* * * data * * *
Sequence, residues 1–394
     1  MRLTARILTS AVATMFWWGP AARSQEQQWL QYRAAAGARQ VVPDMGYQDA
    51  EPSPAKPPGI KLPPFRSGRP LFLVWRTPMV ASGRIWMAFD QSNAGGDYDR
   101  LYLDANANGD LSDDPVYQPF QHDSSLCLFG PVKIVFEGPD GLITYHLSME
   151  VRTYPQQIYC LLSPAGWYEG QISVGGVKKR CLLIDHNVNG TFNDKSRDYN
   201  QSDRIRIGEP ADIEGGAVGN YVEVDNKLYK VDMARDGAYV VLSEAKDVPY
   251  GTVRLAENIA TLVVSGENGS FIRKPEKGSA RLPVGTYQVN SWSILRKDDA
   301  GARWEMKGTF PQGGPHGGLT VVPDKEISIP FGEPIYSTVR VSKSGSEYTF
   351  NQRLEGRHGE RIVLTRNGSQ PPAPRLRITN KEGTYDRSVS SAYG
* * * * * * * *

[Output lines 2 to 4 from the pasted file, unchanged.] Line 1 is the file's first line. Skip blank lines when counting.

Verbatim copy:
     1  MRLTARILTS AVATMFWWGP AARSQEQQWL QYRAAAGARQ VVPDMGYQDA
    51  EPSPAKPPGI KLPPFRSGRP LFLVWRTPMV ASGRIWMAFD QSNAGGDYDR
   101  LYLDANANGD LSDDPVYQPF QHDSSLCLFG PVKIVFEGPD GLITYHLSME